In his latest tweet, commodity trading veteran Peter Brandt claims that XRP, the fourth-largest digital asset affiliated with fintech company Ripple, is actually a security.
The only reason why it hasn’t been declared one yet by the Securities and Exchange Commission (SEC) is the agency’s failure to understand the cryptocurrency industry, according to the chartist.
XRP’s securities status remains in limbo
Persuading the SEC not to classify XRP as a security has been an uphill battle for Ripple over the past few years.
In October, the San Francisco-based company scored a partial legal victory in a long-standing class-action lawsuit that purports that XRP is an unregistered security. A portion of lead plaintiff Bradley Sostack’s claims was dismissed with prejudice but the lawsuit will drag on.
Ex-CFTC chairman Christopher Giancarlo — who was the one who defined Bitcoin and Ethereum as commodities — declared that XRP wasn’t a security back in June. His words, however, should be taken with a pinch of salt given that he now works for a private law firm that provides legal services to (you guessed it) Ripple.
Ripple’s main argument against classifying XRP as a security is that the XRP Ledger functions independently of Ripple. Owning XRP also doesn’t give one a stake in the private company.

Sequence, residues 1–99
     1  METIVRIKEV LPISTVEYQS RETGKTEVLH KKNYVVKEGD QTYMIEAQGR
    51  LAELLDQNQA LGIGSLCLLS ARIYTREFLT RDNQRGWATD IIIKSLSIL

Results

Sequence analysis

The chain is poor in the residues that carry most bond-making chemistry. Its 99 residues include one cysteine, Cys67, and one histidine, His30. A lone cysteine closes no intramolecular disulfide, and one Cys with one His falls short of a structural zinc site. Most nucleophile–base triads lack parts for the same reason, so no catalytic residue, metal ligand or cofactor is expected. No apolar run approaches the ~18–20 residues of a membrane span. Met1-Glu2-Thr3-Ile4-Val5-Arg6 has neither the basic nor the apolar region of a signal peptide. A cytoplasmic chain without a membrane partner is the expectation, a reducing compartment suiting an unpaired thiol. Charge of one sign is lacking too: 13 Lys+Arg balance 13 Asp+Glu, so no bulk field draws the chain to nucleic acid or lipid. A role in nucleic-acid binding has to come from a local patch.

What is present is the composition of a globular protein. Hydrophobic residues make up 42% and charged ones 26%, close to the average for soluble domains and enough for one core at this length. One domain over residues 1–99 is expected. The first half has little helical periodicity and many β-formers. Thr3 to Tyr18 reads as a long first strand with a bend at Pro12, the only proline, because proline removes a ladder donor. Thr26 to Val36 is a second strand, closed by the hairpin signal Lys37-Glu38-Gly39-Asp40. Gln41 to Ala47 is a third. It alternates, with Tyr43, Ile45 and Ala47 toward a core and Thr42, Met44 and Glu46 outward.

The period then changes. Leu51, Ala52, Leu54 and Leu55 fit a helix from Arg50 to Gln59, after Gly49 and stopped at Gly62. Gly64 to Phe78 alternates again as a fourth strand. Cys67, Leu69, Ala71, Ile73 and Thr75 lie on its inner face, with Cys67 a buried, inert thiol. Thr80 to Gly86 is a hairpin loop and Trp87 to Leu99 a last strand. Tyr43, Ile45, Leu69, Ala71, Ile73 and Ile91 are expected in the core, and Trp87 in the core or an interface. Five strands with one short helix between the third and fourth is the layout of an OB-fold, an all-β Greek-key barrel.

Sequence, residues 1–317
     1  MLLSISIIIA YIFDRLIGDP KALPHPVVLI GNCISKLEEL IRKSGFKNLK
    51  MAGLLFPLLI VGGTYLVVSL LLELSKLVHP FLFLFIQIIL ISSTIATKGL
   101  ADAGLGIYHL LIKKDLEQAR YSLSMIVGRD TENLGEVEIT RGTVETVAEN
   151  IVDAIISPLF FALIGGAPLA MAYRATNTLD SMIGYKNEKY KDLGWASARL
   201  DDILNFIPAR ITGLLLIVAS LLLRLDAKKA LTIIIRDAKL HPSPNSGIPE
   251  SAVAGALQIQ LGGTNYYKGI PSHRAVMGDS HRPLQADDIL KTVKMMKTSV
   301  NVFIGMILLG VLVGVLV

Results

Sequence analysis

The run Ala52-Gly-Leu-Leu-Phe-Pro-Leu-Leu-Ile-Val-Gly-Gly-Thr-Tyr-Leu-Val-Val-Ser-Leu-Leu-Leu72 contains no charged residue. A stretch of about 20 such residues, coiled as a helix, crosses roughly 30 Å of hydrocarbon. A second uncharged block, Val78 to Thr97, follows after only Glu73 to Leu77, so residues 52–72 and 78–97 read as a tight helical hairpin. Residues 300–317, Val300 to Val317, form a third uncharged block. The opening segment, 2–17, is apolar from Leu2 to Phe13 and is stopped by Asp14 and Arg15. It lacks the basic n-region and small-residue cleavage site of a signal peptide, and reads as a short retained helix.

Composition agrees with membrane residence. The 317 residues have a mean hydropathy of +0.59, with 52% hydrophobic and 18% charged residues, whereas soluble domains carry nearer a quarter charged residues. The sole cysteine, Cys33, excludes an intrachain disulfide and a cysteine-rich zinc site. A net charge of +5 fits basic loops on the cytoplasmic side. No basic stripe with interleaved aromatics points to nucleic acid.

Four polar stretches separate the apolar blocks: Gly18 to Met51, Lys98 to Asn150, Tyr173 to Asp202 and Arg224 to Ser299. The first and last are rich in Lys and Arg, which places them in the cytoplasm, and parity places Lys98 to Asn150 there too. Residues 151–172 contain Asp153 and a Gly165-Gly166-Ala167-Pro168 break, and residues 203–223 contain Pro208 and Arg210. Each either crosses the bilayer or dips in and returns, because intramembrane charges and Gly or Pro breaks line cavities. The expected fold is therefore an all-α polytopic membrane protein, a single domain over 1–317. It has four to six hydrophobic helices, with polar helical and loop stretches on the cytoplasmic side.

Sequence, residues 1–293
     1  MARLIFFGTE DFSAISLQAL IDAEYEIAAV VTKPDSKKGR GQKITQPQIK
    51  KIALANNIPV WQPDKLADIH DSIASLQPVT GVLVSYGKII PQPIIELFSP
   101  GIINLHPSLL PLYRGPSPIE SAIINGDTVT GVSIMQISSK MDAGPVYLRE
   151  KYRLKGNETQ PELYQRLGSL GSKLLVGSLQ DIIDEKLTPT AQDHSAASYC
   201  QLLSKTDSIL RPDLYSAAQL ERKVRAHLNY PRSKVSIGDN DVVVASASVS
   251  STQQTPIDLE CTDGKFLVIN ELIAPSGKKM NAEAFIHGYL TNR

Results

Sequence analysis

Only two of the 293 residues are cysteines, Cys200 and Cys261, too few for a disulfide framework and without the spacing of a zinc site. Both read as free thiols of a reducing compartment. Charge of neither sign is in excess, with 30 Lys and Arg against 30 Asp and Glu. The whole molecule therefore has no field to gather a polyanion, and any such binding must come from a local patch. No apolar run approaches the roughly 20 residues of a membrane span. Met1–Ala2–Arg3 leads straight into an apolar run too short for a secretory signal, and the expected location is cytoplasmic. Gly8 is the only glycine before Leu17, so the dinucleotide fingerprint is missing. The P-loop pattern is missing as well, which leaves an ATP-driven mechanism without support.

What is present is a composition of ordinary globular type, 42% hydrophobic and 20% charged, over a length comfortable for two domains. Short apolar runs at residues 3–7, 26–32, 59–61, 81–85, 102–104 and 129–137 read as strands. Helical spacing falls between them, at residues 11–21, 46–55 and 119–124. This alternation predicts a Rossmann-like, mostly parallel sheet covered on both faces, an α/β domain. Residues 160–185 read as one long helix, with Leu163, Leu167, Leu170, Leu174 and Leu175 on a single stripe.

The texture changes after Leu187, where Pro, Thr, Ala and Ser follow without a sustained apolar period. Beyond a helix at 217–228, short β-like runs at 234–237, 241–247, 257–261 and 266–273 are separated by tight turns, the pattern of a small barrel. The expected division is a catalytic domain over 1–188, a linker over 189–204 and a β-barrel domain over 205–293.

Moreover, in his countless interviews, Ripple CEO Brad Garlinghouse insists that XRP has real utility, which is making cross-border payments more efficient.
Brandt slams Ripple as a “bag holder”
In the aforementioned tweet, Brandt went on to accuse Ripple of manipulating the market. Earlier this year, he described XRP as a “manipulated scam.”
The chartist believes that XRP is only able to stay afloat because of Ripple pulling the strings. The blockchain decacorn owns close to half of the token’s supply, which is why Brandt described the company as a “bag holder.”
As reported by U.Today, Ripple started purchasing XRP for the first time in the third quarter.